We need to be prepared to face up to the impact of a warming climate, which includes expected increases in extreme weather, loss of arable land due to desertification, reduced levels of fresh water in aquifers (as is happening in some parts of California), as well as acidification of the oceans, and increases in climate refugees and health problems. One thing is clear, we cannot carry on living in denial or ignorance. The global crisis is a wake-up call for all of us to start co-creating a more just world, where the rights of all people, other species and nature are taken into equal consideration. Next time we go shopping for food, we might pause for a moment and spare a thought for the thousands of children who die everyday due to malnutrition and starvation.4 Moreover, without a change in the way we produce and consume food, the situation will get worse with a warming climate. This will not only put a spotlight on our appetites, it will test our willingness to adapt and create a fair world for all. What actions we take today will shape the world we live in tomorrow. We are living in a time where radical change is set to become the norm, or we will have to face the consequences of our inaction.
Humanity has an incredible opportunity to tackle the global challenges we are facing, where we can become more empowered to start living in renewed ways. It is here, as global citizens that we can actively participate in collective transformation through our ways of doing to bring about an occupational shift in our daily lives. Engaging this shift is paramount, because modern life is based on an unsustainable mode of consciousness. Collective change will happen when more of us start engaging these transformational actions at home, in our neighbourhoods and communities. The question is how can we be inspired to act and connect to a re-sacralised vision for living?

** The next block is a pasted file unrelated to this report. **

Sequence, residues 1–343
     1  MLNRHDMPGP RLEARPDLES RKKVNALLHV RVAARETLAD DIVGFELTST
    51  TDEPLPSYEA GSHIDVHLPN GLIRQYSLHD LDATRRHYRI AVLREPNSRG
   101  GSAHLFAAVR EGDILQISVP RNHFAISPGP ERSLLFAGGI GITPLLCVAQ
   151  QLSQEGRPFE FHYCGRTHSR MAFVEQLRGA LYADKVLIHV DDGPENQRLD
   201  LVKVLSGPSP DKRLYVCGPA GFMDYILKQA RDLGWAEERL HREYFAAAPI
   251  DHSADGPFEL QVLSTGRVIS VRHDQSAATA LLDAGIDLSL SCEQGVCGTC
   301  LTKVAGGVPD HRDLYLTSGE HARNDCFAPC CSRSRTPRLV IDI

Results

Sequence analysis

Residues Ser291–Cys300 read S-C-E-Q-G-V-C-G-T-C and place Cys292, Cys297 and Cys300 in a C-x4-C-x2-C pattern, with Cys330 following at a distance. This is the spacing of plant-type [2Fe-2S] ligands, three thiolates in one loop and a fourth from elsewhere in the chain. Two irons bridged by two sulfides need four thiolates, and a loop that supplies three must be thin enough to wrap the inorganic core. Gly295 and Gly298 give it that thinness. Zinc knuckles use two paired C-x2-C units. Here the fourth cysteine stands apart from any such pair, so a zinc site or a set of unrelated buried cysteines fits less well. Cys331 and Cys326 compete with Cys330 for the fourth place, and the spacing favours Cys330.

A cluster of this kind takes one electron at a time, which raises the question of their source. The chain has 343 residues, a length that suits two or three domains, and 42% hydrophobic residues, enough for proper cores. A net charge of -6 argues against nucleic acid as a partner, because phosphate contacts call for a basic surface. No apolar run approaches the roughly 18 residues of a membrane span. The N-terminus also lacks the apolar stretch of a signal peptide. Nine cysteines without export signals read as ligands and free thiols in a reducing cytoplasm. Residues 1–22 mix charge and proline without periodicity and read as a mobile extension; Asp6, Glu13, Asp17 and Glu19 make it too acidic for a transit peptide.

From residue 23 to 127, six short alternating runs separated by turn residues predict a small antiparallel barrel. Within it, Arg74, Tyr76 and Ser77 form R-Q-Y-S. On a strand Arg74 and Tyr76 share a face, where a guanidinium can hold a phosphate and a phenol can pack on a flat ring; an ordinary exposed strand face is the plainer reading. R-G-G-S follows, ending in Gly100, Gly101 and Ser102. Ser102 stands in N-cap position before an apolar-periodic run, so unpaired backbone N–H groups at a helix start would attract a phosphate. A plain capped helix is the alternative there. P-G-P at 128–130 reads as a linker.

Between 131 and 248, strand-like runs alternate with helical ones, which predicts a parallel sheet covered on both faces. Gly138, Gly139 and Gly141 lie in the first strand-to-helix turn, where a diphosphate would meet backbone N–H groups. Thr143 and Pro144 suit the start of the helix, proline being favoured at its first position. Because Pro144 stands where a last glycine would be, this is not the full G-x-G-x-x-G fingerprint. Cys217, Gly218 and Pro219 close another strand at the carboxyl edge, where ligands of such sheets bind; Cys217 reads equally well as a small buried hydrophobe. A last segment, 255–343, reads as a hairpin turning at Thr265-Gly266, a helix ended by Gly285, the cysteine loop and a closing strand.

Eco-philosopher, Henryk Skolimowski has highlighted the need for an eco-spiritual consciousness, where we are inspired to cultivate our being and actions through practices like eco-yoga, thereby becoming more spiritually aligned to the global situation.5 Yoga has much to offer us in terms of our transformative potential, especially in the ways that we can make an adaptive response to climate change. For example, the practice of karma-yoga reveals how our everyday activities, social connections, careers and vocations can be transformed into a spiritual path. In this way, karma-yoga is a process of selfless action in the service of freedom, or Self-realisation. It is this spiritual connection to doing, where we find that our everyday activities have tremendous power and potential.